Sometimes you just have to throw yourself in at the deep end. If you spend your whole life worrying about getting your feet wet, before you know it, the pool will be closed.

After that harrowing trip to Bali, I swore blind I would never travel with these two nasty children of mine again. Yet here we are in Singapore, a couple of weeks later, picking ourselves back up from the fall.

Am I a total glutton for punishment? Yes, I like to do the hard stuff. But, then again, wouldn’t it be a total waste of time and energy coming so far around the world and not making the most of it? Not pushing ourselves just a little further and seeing just a little more?

Diving Right In

We were swimming the other day in Bali when all of a sudden, Cataleya took off her armbands and plunged herself into the big pool. My heart lurched into my mouth. Up she surfaced with a big grin on her face. “I told you I didn’t need my floaters Mamo!”

She did tell me that she didn’t need them, but I refused to listen. I was wrong. There she was taking the plunge and I was trying to hold her back.


To be fair, small children and deep water are a scary combination. Especially when you have more than one kid to keep an eye on and they love to go in opposite directions.

It probably seems totally unrelated but that inspired me to book the trip to Singapore. That, and the fact that she had now fully recovered from her pneumonia–and I wanted the children to see the garden city after Bali’s chaos.

It wasn’t long after take-off that I wanted to stop the plane and get out though. Cataleya was decidedly unimpressed with the fact that she couldn’t make a bed with her seat and Valentino started throwing everything he could get his hands on.

Luckily, the passenger next to us was extraordinarily kind and good-natured, “I love children,” he smiled. I’m not sure if he maintained that sentiment after the flight.

Singapore with Kids

Still, a little over two hours was a drop in the ocean for us and it wasn’t long before we arrived. Despite being a huge airport, we taxied right to where we needed to be. It was the shortest walk I’ve ever had to go and retrieve the baggage and I get the feeling that wasn’t an accident.

Everything in Singapore is perfectly planned. From the traffic lanes to public transport, spotless streets, and polite citizens. In this part of the world, they use Grab not Uber. It’s exactly the same, just a different app. One of the drivers was telling me about some of the measures Singapore has in place to ensure it stays so pristine.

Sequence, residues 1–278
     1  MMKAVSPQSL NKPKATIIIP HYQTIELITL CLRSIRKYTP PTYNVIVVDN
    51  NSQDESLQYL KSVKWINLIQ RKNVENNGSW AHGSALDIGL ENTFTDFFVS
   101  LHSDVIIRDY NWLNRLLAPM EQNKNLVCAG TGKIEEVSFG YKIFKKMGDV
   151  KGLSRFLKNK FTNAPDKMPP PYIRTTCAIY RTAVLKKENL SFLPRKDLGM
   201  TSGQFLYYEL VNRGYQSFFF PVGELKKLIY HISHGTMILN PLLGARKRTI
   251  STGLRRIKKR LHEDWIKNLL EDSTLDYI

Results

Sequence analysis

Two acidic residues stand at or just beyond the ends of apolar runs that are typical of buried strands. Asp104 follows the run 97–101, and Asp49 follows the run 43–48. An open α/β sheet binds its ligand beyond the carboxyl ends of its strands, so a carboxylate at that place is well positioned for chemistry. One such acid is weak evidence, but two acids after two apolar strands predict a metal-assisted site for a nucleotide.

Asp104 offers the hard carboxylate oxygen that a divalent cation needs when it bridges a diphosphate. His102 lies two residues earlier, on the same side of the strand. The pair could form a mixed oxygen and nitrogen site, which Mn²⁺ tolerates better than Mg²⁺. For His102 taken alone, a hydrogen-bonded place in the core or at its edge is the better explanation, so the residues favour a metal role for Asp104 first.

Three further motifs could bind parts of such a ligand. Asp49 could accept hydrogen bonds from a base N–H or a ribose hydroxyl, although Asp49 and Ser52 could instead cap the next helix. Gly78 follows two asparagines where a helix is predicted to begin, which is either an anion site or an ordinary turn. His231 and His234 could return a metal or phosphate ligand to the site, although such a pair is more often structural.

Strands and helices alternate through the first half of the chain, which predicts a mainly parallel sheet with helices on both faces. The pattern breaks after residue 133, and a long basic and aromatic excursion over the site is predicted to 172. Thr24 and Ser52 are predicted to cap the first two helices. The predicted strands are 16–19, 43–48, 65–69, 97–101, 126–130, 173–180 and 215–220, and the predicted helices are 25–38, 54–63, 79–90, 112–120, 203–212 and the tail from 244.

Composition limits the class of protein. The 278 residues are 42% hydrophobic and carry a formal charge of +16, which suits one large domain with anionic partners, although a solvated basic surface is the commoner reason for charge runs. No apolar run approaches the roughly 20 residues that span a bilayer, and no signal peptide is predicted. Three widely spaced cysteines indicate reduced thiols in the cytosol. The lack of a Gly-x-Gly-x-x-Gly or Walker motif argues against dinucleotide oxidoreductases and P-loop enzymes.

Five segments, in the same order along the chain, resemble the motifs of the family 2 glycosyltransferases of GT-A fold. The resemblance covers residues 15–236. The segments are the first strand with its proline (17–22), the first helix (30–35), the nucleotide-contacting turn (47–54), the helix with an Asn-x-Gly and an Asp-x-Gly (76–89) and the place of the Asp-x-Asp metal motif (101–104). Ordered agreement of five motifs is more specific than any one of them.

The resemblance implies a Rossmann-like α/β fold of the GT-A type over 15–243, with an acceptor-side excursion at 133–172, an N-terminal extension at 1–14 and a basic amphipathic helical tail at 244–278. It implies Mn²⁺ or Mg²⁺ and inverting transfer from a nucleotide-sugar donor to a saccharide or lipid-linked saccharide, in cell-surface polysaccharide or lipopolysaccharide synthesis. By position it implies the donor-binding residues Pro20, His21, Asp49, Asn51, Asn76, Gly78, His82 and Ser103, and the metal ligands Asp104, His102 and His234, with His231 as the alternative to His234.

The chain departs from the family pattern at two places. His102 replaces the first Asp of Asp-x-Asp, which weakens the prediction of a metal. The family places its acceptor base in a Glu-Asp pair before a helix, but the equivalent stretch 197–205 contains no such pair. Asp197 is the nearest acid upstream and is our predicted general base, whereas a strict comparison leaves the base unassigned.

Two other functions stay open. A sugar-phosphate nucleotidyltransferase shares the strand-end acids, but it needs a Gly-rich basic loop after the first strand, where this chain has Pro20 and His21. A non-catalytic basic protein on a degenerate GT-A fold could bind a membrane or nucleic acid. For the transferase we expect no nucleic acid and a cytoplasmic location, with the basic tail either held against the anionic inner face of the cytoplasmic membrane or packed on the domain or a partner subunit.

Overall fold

The first of which is fining people for dropping litter, even cigarette butts. But it’s not a one-time fine. If you’re a repeat offender, the fines get more expensive until the third time when you have to do community service helping clean the streets.

This causes a social stigma so great that other people will know you’ve been brandished as a litterbug and publically shamed.

I asked if there were mosquitoes here since I didn’t feel like I had seen any. He said no, not really, not in the dry season at least. The Singapore environment agency has a strict policy of checking establishments and fining them if they come across any possible mosquito breeding grounds.

After the unchecked chaos of Indonesia and the filthy streets, traffic, and lack of rules, Singapore feels a breath of fresh air. Although, I get the feeling that one could also feel a little asphyxiated in a place with so many rules.

The people do seem a little robotic here. Friendly and helpful, correct and polite, but–trained–somehow.

Mount Faber Cable Car

Totally doable and fun with kids, cable cars are always a good way to see a city and entertain little ones. The cable car at Mount Faber is a short ride that gives you the chance to take in the luscious green scenery, waterpark, luxurious hotels, high-rise city backdrop, and the beautiful Sentosa beach.

mount faber

It all sounds way more perfect on paper. Of course, the relentless Singapore heat and draining humidity isn’t fun for anyone, least of all two little kids. In fact, probably least of all for their mother, who ends up carrying one and pushing the other who can’t walk three steps without complaining.

We made it as far as we could. Found a bar with a pool on the beach, bought an extremely expensive towel, and lunch which neither of the kids ate before Cataleya wanted to leave. The “day” at the beach was more like an expensive glimpse of it, especially given that she refused to take the cable car back (I had bought return tickets) and we had to go in a taxi.

sentosa beach

VivoCity Mall, HarbourFront Precinct

The only thing that seems to placate my tired and moody four-year-old is the promise of buying clothes. And, to be honest, after moving around in so much humidity, a good dose of aircon was what we all needed, despite the grains of sand between the toes.

Had someone told me I would be walking around one of Asia’s classiest cities in flip flops I would have died. But, honestly, your standards go out the window somewhat when you have kids–and needs. I have nothing but beachwear in my Bali suitcase, no time to go shopping, and, well, I’m hardly going to go to the Raffles hotel with these two.

Singapore isn’t the same place it was the last time I came either. Three decades or more is enough to change a place. It’s far more cosmopolitan than it was and there is a mixture of dress codes now. There are just as many people dressed in shorts and T-shirts as there are lengthy dresses or fancy heels.

That said, I still bought myself a dress, just to feel a little less like a street urchin, but it certainly wasn’t essential. And Cataleya bought three dresses, none of which are essential and probably all of which won’t get worn again.